In most drainage systems, traps are provided catch or collect materials passing through the system. In commercial and residential plumbing systems, traps are used to capture items falling into the drain, so that they do not pass directly through the drain line and into the main sewer system. They are also intended to block sewer gas bleed back into the building. However, the traps often accumulate excessive amounts of debris and build-up blocking the drainage flow through the system.
Numerous devices have been utilized to avoid the problems associated with removing the trap to clean or clear the build-up. Such devices include those disclosed in U.S. Pat. Nos. 1,306,925; 2,610,696; 3,783,457; 3,872,521; 4,893,361; and 5,038,816. The existing devices are cumbersome and ineffective. Many of these “solutions” create other problems for the user, including actually interfering with the drainage flow when not in operation. Any device which restricts the full volume flow through the bight of a trap when not in use potentially will cause more problem than it solves.
The present invention allows the user to rotate a cleaning member through the trap bight without removing the trap from connected plumbing and to position the cleaning member such that the full volume flow through the bight diameter is not restricted when the cleaning member is not being rotated. The present invention may be manually operated or attached to a sensor system to periodically rotate the cleaning member either based simply on a selected time interval or dependent upon pressure or flow rate characteristics within the drain system.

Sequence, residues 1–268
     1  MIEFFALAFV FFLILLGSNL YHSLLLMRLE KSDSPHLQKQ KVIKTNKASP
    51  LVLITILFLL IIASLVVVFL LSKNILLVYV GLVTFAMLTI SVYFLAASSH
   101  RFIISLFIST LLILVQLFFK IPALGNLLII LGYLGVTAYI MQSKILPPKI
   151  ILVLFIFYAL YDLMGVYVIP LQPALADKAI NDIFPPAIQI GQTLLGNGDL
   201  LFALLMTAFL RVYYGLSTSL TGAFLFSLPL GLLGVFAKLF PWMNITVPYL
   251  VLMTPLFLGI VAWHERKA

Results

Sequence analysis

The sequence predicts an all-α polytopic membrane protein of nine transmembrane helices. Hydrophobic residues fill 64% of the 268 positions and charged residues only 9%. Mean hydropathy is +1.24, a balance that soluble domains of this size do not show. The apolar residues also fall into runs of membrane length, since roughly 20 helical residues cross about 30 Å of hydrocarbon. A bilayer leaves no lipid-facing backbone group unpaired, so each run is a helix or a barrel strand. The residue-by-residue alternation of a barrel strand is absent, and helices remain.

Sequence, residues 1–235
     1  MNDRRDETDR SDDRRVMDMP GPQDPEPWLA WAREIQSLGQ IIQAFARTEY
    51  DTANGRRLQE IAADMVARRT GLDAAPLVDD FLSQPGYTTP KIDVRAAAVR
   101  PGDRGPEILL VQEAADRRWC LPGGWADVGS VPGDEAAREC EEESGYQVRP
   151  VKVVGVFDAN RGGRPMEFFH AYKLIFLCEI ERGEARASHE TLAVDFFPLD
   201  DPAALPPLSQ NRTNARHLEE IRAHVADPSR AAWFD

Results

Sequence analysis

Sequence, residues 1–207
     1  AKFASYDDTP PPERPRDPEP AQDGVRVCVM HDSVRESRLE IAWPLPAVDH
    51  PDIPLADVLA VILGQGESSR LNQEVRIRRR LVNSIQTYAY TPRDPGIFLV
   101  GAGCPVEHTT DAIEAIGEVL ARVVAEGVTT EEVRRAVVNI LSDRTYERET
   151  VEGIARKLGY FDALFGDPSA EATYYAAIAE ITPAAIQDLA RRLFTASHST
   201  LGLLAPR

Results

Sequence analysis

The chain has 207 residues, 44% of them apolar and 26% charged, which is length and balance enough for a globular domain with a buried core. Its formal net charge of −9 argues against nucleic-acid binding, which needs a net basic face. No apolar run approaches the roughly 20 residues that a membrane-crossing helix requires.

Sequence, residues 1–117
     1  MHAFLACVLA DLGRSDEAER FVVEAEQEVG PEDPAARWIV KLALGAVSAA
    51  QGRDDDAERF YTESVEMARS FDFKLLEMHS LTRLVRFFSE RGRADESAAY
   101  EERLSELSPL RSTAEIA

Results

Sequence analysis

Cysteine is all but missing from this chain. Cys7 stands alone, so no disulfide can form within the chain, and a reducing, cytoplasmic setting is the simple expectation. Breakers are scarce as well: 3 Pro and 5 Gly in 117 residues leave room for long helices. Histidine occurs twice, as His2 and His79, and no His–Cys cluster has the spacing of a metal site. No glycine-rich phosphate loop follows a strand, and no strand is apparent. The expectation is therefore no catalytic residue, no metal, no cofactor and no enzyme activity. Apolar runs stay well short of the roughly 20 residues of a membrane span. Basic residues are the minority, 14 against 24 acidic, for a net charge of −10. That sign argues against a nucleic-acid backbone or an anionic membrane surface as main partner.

While the present invention is described and illustrated in a preferred embodiment within a plumbing/sewer environment, it will be understood that the present invention could be adapted for use in industrial situations where product in a pipeline periodically may need to be flushed or wiped from the pipeline. In such situations, the present invention is not intended to function as a trap, but rather as an inline cleaning or clearing apparatus.
Normally, in conventional J-traps, connecting unions 20 and 22 are loosened and the trap removed from the drain line for cleaning. This, however, results in having to take the drain “off line,” thereby exposing the environment to the back flow gases in the sewage system and downtime for other drainage applications. The present invention allows a trap to be cleaned without taking the drainage system off line.
The apparatus 30 is provided with a transparent, split housing assembly 32 made up of first half 52 (
The housing 32 is further provided with a trap section 42 (
When the present invention is used as a cleaning device in a pipeline or conduit not involving sewage, there is no need to ensure that no back flow gases flow upstream. There is no need to ensure that there is a blocking water/liquid level in the chamber. Thus, the present invention acts as a conduit cleaning apparatus.
Chamber 46 accommodates a rotatable cleaning member 54 (
The opposite side 59 (
It should be understood that the support shaft 66 could extend through an opening in side 59, be provided with appropriate seals, and accept a rotation hub. This would enable the cleaning member to be rotated from either side of the house 32 (see
The body portion 58 has a plurality of spaced apart cleaning blades or teeth 70, 72, and 74 extending radially outwardly from a portion of the outer, radial peripheral surface 76 of the body. Each blade has a triangular cross-sectional shape with the height (h1–h3) of each blade successively increasing from the leading blade 70 to the trailing blade 74. As will be described below, this progressive height increase enables the member 54 to shovel, scrape or scoop debris or build-up from the flow path in the bight of the trap. Each blade may be slightly pitched forward or in a shovel or chisel shape to increase its scraping capacity.